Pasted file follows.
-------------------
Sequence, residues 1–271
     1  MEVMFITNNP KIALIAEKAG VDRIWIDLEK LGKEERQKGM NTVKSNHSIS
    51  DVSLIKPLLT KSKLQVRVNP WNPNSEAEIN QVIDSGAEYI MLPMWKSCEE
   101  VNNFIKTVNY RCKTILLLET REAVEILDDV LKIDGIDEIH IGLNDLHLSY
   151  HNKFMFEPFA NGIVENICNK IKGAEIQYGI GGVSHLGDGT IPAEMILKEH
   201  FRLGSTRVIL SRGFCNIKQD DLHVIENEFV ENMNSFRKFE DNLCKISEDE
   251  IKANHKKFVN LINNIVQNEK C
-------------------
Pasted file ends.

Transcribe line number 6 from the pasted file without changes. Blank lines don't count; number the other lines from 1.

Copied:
   201  FRLGSTRVIL SRGFCNIKQD DLHVIENEFV ENMNSFRKFE DNLCKISEDE